As the helicopter approached the area, Humber Coastguard was able to glean further information from the woman, so that the helicopter could be diverted to her position on the cliffs. Soon afterwards the casualty was spotted and made stable by the helicopter crew, before being taken to Scarborough Hospital.

The Coastguard team from Scarborough relocated to the hospital landing site, whilst Burniston and Ravenscar Coastguards attended the lady, and her dogs. The third dog, which had fallen, is in the care of a vet at present.

Mike Puplett, Watch Manager Humber Coastguard said:

“The gentleman fell approximately 200 feet, after attempting to rescue his dog. Although we understand that people are very fond of their pets, we would like to warn them that it is extremely dangerous to climb or descend cliffs in an attempt to rescue pets. We have had very high winds in the area today, making being close to the cliff edges even more treacherous. The message is clear, don’t attempt rescue yourself, and always keep dogs on leads when in the vicinity of cliffs. If your dog does fall over a cliff, call 999 and ask for the Coastguard.”

For further information please contact

Maritime and Coastguard Agency Duty Press Officer on 07703 584024 out of hours or

Maritime and Coastguard Agency Press Office, during office hours on:
(023) 8032 9401

Press releases and further information about the Agency is available on the

Notes to editors:

• Follow us on Twitter. Find us at MCA_media

Before you set to sea remember to:

get trained;
wear a lifejacket;
avoid alcohol;
take a method of communication with you; and
check the weather and tides.

Sunday, 15 May 2011


At just after 3pm this afternoon the Coastguard Rescue Helicopter ‘Rescue 106’ from Portland was scrambled to the site of an aircraft crash involving a biplane near Witchampton in Dorset. The Coastguard Rescue Helicopter from Lee-on-Solent was also put on standby.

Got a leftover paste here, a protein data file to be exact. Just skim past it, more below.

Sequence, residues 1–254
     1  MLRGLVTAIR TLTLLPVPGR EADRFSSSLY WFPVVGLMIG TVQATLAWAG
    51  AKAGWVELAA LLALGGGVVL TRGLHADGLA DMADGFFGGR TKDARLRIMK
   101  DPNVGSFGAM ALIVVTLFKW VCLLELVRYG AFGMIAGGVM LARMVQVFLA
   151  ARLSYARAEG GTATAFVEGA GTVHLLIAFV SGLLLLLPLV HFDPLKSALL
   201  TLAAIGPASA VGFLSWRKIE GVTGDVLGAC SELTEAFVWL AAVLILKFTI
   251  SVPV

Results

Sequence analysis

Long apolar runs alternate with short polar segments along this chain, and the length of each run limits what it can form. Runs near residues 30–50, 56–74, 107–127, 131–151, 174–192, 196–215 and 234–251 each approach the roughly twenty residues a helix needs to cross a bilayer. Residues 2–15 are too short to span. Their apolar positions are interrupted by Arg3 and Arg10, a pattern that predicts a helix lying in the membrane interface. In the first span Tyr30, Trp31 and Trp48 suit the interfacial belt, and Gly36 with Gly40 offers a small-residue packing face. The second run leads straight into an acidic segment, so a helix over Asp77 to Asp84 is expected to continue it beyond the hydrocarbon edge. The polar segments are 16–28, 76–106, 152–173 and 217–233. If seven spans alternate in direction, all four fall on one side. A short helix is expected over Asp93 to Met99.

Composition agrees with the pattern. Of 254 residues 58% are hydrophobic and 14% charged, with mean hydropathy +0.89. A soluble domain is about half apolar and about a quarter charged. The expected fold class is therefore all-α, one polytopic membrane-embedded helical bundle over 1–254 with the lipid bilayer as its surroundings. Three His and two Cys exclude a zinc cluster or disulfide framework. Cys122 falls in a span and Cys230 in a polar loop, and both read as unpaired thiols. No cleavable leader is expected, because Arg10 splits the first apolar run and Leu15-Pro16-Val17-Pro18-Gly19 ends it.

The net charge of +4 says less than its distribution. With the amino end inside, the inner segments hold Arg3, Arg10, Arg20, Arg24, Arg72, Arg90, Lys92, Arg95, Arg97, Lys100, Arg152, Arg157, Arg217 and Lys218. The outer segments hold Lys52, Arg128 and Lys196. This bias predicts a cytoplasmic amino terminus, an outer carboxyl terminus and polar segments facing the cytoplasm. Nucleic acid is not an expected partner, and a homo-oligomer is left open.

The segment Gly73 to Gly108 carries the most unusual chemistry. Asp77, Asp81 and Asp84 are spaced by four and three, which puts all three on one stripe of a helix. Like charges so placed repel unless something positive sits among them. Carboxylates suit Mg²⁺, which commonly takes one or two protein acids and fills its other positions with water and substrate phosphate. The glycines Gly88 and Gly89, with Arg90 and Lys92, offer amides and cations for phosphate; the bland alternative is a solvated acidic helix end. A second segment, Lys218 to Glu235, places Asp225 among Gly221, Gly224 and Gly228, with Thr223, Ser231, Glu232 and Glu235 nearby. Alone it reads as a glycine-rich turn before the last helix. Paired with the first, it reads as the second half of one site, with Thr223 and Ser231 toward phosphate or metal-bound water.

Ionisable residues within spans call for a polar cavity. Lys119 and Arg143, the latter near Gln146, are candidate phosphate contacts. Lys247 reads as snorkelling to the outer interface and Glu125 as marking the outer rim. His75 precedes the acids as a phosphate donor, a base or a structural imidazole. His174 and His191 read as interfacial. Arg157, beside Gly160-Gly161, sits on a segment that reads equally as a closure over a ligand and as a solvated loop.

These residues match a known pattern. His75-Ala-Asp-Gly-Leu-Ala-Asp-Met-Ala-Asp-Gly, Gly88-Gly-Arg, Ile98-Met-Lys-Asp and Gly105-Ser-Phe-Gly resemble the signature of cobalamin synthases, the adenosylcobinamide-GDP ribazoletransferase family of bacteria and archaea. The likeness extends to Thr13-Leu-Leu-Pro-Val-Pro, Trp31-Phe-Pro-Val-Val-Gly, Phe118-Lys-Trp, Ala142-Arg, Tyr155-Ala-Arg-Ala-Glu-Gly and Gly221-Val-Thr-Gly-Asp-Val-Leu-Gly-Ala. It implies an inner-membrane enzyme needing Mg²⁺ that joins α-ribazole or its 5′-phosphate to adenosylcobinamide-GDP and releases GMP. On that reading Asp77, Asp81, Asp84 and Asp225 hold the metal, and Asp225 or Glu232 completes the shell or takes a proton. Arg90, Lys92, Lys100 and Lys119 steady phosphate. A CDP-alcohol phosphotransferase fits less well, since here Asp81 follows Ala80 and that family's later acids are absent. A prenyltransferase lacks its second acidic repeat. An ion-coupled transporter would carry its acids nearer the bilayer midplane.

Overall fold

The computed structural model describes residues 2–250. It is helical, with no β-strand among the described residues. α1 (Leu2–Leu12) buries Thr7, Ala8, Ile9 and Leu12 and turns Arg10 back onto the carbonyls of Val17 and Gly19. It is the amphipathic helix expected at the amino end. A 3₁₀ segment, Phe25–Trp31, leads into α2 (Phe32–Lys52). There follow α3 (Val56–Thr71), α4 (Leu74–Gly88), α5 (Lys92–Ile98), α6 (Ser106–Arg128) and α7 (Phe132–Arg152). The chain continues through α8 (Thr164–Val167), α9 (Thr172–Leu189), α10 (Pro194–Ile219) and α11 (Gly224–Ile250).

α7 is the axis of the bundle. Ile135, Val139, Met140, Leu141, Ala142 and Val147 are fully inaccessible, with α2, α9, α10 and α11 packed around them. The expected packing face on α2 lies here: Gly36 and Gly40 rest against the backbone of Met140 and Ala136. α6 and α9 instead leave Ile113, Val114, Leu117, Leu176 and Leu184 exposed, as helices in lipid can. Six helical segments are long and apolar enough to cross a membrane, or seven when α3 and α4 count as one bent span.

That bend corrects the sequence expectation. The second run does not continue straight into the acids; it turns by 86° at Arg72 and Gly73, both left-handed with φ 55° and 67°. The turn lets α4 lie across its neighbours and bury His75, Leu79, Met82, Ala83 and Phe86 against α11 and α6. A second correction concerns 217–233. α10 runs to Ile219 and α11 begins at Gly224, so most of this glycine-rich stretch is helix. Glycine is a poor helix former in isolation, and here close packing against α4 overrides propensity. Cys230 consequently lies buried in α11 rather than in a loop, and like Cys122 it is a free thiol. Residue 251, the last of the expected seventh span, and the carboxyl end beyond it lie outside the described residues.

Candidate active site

The biplane, a Tiger Moth with two persons onboard had crashed in a field whilst on a flight from the nearby Compton Abbas airfield. It is believed they were also intending to return back to the same airfield.  The two men onboard were reported to be in a serious condition and were assessed on scene by paramedics from South West Ambulance service who requested immediate helicopter evacuation. Dorset Fire and Rescue Service were also on scene and assisted with the extraction of the casualties from the wreckage.

One of the two casualties was airlifted by the Coastguard Helicopter to Dorset County Hospital where he was met by Wyke Regis Coastguard Rescue Officers, and the other was taken to Salisbury Hospital by the Dorset Police Helicopter.

-Ends –

Notes to Editors

  1. Stay safe - before heading out on the water get trained, check weather and tides, wear a lifejacket, avoid alcohol and keep in touch

  1. Follow us on Twitter. Find us at MCA_media

Saturday, 14 May 2011


Holbrook Coastguard Rescue Team are celebrating moving to their new home at the Royal Harwich Yacht Club on Saturday 14th May at 12 noon when they will raise the Coastguard flag on the RHYC’s flagpole outside the building.

The Holbrook Coastguard Rescue Service provides the UK’s coastal search and rescue capability, as part of Her Majesty’s Coastguard, from Ipswich Wet dock to White Bridge at Manningtree.